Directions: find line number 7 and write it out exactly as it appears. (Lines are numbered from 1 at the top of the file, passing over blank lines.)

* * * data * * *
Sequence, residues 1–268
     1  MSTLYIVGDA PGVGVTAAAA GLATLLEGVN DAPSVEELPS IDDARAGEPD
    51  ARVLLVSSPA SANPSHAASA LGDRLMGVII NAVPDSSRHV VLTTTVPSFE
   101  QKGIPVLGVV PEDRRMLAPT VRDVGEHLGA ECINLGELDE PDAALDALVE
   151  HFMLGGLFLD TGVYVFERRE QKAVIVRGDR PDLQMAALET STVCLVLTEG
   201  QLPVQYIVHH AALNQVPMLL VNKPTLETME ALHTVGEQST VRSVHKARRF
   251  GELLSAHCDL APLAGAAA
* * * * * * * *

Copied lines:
   251  GELLSAHCDL APLAGAAA